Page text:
FANCY DRESS COSTUMES
Fancy dress costumes may be made very quickly. A certain woman who prides herself on being able to do all things in a hurry, invited to a fancy dress ball, accepted the invitation over the telephone to save time.
She let the costume go till the last day, when, at 4 o’clock, she stopped in at a shop and bought several yards of cretonne. Once home, with the help of pins and the maid’s services, she was sewn into her costume—that of a Watteau shepherdess.
The costume consisted of a pink satin foundation dress that she already possessed. The cretonne, pleated into the belt and puffed up into panniers, matched the satin. A wide stain belt laced up the front was the bodice. A little lace shawl made the kerchief. A last summer’s sailor was cocked up into a shepherdess hat with ribbon streamers.
Inside of 40 minutes the shepherdess was ready, telephoned for a taxi and arrived at the ball—a week too soon! It is well to look twice at the date of an invitation.
With an old party frock a pretty costume can often be made if not in as short a time as the one described.
A copy of a well-known picture can often be made with such light changes that they are hardly noticeable, says the New York Herald. The black and white balls that are so popular are even simpler, for fantastic costumes are more successful than those that are historical. A costume can be first planned with black and white cotton cloth, copying some poster or advertisement found in the back of the magazines or in the newspapers.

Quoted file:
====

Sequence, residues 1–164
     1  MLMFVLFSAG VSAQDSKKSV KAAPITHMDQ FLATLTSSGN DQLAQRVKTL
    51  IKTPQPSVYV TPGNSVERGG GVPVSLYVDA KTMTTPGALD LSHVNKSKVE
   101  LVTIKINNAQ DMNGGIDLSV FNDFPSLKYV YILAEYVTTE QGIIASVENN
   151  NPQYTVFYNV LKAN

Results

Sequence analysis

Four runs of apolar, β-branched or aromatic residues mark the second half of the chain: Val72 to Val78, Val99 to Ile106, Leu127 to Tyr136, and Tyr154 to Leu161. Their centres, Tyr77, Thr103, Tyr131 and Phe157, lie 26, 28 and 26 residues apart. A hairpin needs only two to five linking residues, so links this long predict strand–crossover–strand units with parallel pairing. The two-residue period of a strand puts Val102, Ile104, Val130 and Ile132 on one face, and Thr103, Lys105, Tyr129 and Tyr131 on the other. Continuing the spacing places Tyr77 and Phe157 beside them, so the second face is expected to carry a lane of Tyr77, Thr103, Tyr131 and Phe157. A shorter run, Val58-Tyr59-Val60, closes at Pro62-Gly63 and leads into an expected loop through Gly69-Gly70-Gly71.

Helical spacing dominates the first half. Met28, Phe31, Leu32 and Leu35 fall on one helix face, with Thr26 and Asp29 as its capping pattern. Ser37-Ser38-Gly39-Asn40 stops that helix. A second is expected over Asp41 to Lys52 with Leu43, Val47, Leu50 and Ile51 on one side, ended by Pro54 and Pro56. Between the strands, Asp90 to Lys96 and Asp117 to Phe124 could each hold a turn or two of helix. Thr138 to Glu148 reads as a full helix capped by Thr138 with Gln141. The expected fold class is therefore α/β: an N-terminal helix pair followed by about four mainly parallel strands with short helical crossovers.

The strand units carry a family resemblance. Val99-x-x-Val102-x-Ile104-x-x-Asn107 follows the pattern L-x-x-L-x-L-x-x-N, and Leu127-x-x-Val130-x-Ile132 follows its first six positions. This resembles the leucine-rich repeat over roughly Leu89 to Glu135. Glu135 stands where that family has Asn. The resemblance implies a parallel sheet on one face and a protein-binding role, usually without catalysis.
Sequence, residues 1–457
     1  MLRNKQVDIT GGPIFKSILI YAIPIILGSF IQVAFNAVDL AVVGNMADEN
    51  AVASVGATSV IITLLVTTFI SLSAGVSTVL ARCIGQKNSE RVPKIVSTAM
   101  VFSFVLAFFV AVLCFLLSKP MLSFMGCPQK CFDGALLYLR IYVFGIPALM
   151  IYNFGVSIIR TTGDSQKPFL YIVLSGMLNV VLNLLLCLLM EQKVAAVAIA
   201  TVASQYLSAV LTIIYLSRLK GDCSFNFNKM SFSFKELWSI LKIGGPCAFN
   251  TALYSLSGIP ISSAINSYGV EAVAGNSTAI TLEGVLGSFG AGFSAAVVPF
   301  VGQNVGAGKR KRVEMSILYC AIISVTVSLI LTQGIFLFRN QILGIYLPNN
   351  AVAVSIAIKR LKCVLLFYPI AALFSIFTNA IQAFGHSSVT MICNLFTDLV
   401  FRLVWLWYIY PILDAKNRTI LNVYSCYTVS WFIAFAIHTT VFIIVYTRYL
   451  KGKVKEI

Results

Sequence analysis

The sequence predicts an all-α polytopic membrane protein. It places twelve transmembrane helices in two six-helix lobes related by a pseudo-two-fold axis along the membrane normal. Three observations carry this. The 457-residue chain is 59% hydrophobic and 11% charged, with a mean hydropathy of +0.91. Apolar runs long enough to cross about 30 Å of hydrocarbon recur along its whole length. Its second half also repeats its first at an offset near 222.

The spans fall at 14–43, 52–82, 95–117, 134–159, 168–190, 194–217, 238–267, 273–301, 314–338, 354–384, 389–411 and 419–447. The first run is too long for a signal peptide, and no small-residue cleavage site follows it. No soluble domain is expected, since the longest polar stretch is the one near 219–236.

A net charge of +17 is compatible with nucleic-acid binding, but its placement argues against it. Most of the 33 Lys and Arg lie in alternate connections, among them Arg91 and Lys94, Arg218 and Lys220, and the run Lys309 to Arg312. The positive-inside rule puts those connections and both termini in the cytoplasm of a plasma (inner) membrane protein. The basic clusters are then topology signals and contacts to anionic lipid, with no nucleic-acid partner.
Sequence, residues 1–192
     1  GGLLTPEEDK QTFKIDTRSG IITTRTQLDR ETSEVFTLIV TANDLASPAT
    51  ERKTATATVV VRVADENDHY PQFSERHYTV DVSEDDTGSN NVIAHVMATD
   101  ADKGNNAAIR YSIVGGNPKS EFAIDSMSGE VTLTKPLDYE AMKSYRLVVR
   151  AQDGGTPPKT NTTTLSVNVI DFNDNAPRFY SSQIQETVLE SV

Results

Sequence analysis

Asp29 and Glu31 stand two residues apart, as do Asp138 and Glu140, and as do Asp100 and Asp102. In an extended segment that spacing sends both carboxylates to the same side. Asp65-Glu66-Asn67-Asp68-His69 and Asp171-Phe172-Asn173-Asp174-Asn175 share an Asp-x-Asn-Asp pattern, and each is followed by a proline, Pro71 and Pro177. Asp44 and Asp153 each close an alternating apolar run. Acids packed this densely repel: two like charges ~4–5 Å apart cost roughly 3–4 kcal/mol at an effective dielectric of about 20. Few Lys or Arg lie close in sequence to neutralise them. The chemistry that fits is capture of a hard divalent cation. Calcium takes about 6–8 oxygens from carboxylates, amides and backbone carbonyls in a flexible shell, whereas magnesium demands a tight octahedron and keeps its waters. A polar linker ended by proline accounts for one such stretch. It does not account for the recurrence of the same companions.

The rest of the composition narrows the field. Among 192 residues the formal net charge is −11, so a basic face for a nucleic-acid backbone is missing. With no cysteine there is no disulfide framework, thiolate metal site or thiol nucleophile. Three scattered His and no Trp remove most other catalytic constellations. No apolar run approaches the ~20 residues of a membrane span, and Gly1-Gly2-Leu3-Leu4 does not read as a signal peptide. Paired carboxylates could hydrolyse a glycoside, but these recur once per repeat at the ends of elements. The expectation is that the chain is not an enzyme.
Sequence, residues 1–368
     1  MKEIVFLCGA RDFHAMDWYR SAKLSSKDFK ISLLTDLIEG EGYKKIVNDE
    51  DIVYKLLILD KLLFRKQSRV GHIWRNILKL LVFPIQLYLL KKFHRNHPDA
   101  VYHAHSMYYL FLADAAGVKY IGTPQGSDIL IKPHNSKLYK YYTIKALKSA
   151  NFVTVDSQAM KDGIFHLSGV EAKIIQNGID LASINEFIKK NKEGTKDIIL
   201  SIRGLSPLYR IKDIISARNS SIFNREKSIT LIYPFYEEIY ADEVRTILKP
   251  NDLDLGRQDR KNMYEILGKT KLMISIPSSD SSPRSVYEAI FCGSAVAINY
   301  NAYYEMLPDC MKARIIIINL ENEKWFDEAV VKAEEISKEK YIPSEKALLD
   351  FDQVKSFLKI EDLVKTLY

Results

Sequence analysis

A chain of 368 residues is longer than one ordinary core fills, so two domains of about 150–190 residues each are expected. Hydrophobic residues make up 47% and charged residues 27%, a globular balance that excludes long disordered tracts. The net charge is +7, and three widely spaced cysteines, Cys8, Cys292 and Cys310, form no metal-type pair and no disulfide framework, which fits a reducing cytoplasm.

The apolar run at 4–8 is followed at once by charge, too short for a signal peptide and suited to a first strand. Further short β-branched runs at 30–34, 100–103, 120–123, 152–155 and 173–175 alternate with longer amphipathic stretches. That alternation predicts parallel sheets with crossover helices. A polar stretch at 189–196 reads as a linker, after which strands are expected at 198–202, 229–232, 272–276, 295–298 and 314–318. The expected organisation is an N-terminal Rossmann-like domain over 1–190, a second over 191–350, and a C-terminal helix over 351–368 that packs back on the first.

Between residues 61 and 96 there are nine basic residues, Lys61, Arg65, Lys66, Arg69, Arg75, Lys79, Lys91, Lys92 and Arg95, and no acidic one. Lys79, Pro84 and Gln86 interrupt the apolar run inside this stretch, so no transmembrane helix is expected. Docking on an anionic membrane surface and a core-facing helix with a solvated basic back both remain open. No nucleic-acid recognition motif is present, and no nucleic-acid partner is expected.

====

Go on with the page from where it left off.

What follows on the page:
Peasant costumes are easy to make because all the pattern companies carry one or more patterns suited for costume balls.
Anaconda [MT] Standard 9 January 1916: p. 11
Mrs Daffodil’s Aide-memoire: The very quickest fancy-dress costume Mrs Daffodil has seen at the Hall was worn by an absent-minded gentleman who, just before leaving his flat, realised that the party invitation called for fancy dress. He arrived wearing faultless evening costume, a peevish expression, and a single soda straw in his breast pocket. His character? “The Last Straw.”
Mrs Daffodil invites you to join her on the curiously named “Face-book,” where you will find a feast of fashion hints, fads and fancies, and historical anecdotes
You may read about a sentimental succubus, a vengeful seamstress’s ghost, Victorian mourning gone horribly wrong, and, of course, Mrs Daffodil’s efficient tidying up after a distasteful decapitation in A Spot of Bother: Four Macabre Tales